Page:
Fernando Alonso admitted that it was odd to hear himself dubbed the Alpine F1 team's "godfather of everybody" by CEO Luca de Meo as a result of his extensive experience in the sport compared to the relatively young behind-the-scenes line-up.
De Meo said he wanted to use the two-time world champion's knowledge of motorsport to help Alpine become a top team, explaining: "It’s about attitude and mindset, and he has it."
Speaking to UK broadcaster Channel 4 in an exclusive interview after picking up his first championship point since returning to the sport after a two-year absence, Alonso admitted that his boss's comments had certainly made him stop and think.
“I think he meant that from everybody in the team, one of the most experienced guys is the driver now - which is a little bit odd,” he acknowledged.
“Normally you come into Formula 1 and we have a lot of experienced members in the team telling you about the old races and the anecdotes and curiosities of Imola, curiosities of another circuit.
"Now I’m probably the guy that is telling the team those things. It’s the driver that is telling these things now, and that is a little bit strange at the moment."
Although Alpine is in one sense a brand new team on the F1 grid, it's also very much the same team with which Alonso won his back-to-back titles in 2005 and 2006.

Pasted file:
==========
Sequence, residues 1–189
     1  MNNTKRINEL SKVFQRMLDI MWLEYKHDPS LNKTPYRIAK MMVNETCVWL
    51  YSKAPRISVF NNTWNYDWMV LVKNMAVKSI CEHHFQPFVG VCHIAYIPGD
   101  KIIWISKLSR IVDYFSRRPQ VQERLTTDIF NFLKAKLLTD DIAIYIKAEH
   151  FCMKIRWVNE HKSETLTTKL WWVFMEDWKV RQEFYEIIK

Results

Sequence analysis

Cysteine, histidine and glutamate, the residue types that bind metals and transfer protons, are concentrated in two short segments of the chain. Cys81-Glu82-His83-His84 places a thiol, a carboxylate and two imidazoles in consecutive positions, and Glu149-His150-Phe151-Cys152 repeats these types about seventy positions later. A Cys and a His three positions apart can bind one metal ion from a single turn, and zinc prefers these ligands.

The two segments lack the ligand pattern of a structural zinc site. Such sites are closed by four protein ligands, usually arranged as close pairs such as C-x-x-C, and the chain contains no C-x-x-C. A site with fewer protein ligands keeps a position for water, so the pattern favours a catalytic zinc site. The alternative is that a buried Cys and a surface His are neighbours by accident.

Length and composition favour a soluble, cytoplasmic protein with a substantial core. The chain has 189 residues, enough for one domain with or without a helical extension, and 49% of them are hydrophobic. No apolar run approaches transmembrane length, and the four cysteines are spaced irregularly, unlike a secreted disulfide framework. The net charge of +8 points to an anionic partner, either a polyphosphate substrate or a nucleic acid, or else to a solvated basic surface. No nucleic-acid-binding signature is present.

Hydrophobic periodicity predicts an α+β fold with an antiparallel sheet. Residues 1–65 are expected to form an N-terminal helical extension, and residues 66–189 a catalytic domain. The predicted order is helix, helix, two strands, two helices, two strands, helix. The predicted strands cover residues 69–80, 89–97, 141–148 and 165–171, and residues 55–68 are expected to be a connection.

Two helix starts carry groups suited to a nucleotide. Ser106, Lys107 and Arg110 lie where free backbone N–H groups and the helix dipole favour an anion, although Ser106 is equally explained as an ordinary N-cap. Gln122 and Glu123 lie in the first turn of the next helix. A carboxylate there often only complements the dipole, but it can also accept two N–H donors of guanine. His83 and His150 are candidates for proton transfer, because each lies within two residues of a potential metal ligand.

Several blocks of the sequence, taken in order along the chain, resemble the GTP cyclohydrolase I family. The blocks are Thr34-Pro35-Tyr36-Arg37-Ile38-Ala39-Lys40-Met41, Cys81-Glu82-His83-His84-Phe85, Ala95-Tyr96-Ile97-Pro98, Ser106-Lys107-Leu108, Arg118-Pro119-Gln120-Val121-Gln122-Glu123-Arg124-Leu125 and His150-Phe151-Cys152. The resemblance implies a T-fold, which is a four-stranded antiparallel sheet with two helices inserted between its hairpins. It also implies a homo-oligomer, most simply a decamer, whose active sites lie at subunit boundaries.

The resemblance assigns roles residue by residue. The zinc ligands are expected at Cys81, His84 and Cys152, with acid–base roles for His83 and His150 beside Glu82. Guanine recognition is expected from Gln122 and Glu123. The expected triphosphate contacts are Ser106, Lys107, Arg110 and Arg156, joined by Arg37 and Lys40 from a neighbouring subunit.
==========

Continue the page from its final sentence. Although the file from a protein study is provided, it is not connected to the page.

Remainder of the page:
"The team is fresh, motivated and has some potential to become a champion team in the future," he said. “I’m sure of that. I don’t know if it’s going to take two years, five or seven, but we are in a nice project and I’m enjoying it.”
Alonso has admitted that the two years he took out of F1 to compete at Le mans and Indianapolis had left him scrambling to catch up, such is the pace of technical development.
“It feels kind of obvious that every lap I do, every lap we do, these drivers, we feel more comfortable,” he said, adding that the mix of weather conditions at Imola had been a big help in that respect.
"From lap one to the end we changed conditions and we changed grip level so many times during the race," he explained. “There were a lot of things to practice and a lot of things to go through that normally take four or five races.
"We compressed all in one race with a lot of activity," he continued. “So I’m happy with the learnings. I’m also happy with feeling the car in wet conditions.
"It was the very first time in wet conditions, the very first time in inter conditions, the very first time in conditions with only one narrow dry line. So a lot of lessons," he said. “Feeling-wise, from lap one to 63, I felt 300 per cent better in a way of how confident I am with the car.
"But this cannot be an excuse to say that we did not perform well. I did not perform well, I have to be more prepared and more ready next time," he acknowledged. “It doesn’t matter if you have little time or no time in the car - I will try to be better next time.”